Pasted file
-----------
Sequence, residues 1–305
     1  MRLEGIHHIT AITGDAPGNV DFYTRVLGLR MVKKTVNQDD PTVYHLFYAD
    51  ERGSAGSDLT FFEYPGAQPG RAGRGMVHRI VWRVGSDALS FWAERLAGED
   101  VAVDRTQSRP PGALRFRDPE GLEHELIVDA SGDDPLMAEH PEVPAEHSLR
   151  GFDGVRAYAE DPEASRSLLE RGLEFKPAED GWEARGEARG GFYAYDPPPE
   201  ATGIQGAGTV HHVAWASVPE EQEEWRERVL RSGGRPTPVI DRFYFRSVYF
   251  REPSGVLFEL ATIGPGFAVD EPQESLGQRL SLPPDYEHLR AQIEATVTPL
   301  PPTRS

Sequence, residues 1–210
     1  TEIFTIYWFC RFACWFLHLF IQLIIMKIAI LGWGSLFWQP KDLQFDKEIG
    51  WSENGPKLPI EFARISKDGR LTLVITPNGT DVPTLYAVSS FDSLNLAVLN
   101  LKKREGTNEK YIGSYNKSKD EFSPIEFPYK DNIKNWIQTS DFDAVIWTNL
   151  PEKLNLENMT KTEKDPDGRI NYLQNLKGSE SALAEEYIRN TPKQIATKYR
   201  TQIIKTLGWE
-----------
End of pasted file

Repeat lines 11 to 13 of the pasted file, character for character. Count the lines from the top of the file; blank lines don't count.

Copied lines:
    51  WSENGPKLPI EFARISKDGR LTLVITPNGT DVPTLYAVSS FDSLNLAVLN
   101  LKKREGTNEK YIGSYNKSKD EFSPIEFPYK DNIKNWIQTS DFDAVIWTNL
   151  PEKLNLENMT KTEKDPDGRI NYLQNLKGSE SALAEEYIRN TPKQIATKYR